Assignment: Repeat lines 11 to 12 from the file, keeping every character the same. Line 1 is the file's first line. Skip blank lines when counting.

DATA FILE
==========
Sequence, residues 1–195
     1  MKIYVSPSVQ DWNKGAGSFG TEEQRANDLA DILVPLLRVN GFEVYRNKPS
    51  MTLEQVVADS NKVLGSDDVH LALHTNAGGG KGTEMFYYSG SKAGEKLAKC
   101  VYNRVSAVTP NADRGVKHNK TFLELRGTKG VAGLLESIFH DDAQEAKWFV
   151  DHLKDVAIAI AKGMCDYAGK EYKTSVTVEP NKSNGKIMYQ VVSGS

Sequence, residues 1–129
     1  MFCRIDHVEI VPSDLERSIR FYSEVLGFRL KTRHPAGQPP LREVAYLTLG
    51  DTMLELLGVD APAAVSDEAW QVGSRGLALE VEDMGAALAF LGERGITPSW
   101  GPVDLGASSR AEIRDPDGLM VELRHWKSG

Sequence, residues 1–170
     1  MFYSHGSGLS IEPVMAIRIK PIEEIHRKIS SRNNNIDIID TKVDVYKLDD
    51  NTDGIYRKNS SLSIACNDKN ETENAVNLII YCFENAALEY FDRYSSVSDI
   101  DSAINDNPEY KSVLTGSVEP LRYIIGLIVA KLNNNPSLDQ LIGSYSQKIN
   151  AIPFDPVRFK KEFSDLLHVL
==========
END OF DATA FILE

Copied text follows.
     1  MFYSHGSGLS IEPVMAIRIK PIEEIHRKIS SRNNNIDIID TKVDVYKLDD
    51  NTDGIYRKNS SLSIACNDKN ETENAVNLII YCFENAALEY FDRYSSVSDI